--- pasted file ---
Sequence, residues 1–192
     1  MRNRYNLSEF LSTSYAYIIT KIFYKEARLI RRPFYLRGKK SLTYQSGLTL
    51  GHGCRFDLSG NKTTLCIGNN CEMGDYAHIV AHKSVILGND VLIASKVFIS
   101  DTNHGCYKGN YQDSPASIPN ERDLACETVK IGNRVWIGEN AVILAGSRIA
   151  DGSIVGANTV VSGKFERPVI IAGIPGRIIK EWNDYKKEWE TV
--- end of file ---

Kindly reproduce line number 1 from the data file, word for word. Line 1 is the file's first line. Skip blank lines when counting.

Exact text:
Sequence, residues 1–192